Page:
10 Jun Steph: Visiting hours
Apache, Oklahoma – One of my (many) favorite aspects of this blog is the ability to promote the agriculture industry that has made me who I am today. I’m definitely that person who will hear a nearby conversation going on about GMOs or hormones in beef and interrupt with an, “Excuse me but, did you know…” Those of us who love this industry will agree that it is our duty to spread the word and spread knowledge for everyone to hear. That’s the thing about a passion; it doesn’t feel like work.
The Oklahoma Baptist Homes for Children brought three young men out to our field the other day to get a first-hand harvest experience. They loved it! These boys all came from different backgrounds but all found something they enjoyed about the harvester’s life. They were telling me how cool they thought my job was, how cool my LIFE was, and one even admitted he now wanted to be a harvester when he grew up. That right there deserves a moment of silence, because instilling that feeling in any youth is something to commemorate.
Did you know this organization is completely non-profit? They run off donations and provide homes to kids who can’t live with their families for various reasons. This year, a member of the Oklahoma Baptist Home for Children (and also the fellow who brought the young men out to the field) came up with a unique way to be able to contribute to the organization. Mike shared with me that last year, a farmer and he were discussing his organization; and the farmer made a comment, “Well, I don’t have cash, but I have grain in that bin you can have!” Not only did he allow the organization to sell a load of wheat in their name, it sparked the 10-Acre Challenge, which is exactly as it sounds. They’re calling ag folks out there to donate 10 acres of your crop to the organization and spread the word.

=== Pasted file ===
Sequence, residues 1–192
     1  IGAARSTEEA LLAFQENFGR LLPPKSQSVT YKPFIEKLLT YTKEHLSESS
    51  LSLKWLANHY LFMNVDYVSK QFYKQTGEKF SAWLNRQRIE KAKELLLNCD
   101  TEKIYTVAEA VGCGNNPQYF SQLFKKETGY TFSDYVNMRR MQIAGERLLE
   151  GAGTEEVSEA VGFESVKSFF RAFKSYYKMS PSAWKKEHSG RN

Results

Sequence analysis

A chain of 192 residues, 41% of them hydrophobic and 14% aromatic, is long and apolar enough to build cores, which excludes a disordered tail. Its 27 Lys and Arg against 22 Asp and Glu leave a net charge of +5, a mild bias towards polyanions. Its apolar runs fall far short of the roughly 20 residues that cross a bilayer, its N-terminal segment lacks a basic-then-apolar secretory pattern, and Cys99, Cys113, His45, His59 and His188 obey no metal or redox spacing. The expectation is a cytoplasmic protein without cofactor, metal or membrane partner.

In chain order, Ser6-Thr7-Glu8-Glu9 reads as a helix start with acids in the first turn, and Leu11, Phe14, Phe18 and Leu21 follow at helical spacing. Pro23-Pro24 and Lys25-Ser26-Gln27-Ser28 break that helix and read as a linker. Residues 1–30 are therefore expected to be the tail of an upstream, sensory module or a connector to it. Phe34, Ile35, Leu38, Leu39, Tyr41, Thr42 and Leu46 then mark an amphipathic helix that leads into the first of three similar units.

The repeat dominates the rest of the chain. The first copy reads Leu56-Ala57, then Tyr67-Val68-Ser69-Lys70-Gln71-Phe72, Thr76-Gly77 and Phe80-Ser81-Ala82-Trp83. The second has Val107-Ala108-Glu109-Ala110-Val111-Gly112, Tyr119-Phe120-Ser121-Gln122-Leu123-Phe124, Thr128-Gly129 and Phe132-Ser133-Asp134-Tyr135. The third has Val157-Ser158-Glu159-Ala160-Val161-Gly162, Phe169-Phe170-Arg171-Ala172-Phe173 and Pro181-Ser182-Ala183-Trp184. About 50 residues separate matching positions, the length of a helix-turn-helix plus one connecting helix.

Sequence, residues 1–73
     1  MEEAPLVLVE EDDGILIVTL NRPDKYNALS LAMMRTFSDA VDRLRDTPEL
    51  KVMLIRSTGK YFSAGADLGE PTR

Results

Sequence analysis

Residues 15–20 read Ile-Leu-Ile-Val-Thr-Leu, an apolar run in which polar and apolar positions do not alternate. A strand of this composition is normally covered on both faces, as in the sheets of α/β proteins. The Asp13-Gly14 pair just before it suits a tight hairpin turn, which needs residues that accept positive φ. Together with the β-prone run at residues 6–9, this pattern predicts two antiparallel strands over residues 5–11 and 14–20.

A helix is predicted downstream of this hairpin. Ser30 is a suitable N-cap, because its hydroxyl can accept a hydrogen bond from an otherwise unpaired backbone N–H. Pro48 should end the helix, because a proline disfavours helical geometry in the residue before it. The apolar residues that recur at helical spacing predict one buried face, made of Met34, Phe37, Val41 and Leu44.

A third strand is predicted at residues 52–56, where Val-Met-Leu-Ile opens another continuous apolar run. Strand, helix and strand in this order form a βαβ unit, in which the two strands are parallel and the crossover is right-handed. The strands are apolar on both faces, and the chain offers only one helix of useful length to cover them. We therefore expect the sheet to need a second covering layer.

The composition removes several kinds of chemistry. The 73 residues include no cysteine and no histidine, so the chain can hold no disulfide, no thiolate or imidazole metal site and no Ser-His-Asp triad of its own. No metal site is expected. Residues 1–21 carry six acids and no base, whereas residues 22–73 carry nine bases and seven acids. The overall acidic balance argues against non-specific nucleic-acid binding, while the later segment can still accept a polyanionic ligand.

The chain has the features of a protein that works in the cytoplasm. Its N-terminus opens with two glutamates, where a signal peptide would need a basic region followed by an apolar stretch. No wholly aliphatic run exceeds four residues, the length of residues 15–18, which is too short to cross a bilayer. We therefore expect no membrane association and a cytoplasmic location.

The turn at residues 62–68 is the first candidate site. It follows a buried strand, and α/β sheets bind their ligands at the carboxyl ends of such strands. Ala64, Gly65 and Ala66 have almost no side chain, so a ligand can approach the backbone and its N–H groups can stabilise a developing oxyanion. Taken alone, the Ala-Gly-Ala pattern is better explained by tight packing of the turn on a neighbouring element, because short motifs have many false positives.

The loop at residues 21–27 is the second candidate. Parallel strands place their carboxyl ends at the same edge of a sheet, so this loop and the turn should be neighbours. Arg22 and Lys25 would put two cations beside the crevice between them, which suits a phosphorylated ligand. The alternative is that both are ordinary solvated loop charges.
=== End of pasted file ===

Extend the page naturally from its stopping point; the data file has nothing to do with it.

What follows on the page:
It was such a pleasure to be able to show the next generation where their food comes from and the “village” it takes to get it to the table. Not to mention — these young men were hilarious! The wheat stats they saw were 56 pounds and around 20 bushels per acre.
Quote(s) of the Day – “Oh, trucker talk.”
“And now we know why girls rule the world.”
“Hey, they’re wearing gas masks!” (referring to the elevator workers)
Stuff Harvesters Do – Fall asleep at the fuel pumps after a long night of wheat cutting and when you inside to pay 3-hours later, the lady working the counter just say, “well, I thought I’d let you sleep!”
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